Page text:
Clinton Campaign Spent More in California than in All Ten Midwest States She Lost Combined

Spending in heavily Democratic California also far exceeded spending in Michigan, Wisconsin, Pennsylvania, and Florida, where she lost the election

Merven McIntyre

2 minute read

A review of spending by the 2016 Clinton Presidential Campaign reveals that more money was spent in California than in all ten of the Midwestern states she lost, combined. The campaign spent $35.7 million in California, which is considered a safe state for Democrats and has not gone to a Rebublican since George H. W. Bush in 1988. This exceeds the $32.5 million her campaign spent in Indiana, Iowa, Kansas, Michigan, Missour, Nebraska, North Dakota, Ohio, South Dakota, and Wisconsin combined.

The pattern seems especially odd when considering the number of electoral votes that were at stake in these states. Clinton spent about $650,000 per electoral vote in California compared to $386,000 per electoral vote in the ten Midwestern states she lost. Adding in the two Midwestern states where she won, Illinois and Minnesota, changes the average only slightly to $388,000 per electoral vote.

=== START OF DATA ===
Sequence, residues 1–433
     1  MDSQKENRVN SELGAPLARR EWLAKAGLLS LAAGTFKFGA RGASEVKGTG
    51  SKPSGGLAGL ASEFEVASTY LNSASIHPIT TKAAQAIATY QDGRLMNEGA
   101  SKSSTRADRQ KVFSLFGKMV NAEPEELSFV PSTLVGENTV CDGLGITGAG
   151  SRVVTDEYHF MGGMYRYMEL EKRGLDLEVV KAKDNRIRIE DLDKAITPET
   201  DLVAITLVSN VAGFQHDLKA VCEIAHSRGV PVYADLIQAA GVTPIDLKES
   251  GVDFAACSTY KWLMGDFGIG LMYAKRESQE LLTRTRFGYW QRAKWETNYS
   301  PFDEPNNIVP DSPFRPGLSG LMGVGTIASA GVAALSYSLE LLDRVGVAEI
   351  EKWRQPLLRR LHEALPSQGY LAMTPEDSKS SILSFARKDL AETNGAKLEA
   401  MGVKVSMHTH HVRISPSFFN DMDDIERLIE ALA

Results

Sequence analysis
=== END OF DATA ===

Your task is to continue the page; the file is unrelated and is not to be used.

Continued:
It is unclear what the campaign hoped to accomplish by spending nearly twice as much per electoral vote in California than in the entire Midwest. She won California with 8.8 million votes, nearly doubling Trump’s 4.5 million with a margin of victory of 4.3 million votes.

In the three industrial states that are considered to have cost Clinton the election, Michigan, Wisconsin, and Pennsylvania, Clinton lost by a combined margin of about 107,000 votes. Adding Florida, the other “surprise” Trump win, brings the margin to about 227,000, still far below her winning margin in California.

Yet the Clinton campaign spent only about $18.3 million in these four states, which have a total of 75 electoral votes. This averages to $200,000 per electoral vote, meaning she spent over 3 times as much per electoral vote in California as she did in the states that lost her the election.

Clinton’s campaign has been widely criticized for ignoring the Upper Midwest where Trump was able to win while spending far less. Mr. Trump’s rallies at manufacturing and industrial locations were a common occurence in these states. By comparison, Clinton did not visit Wisconsin after the Democratic Primaries.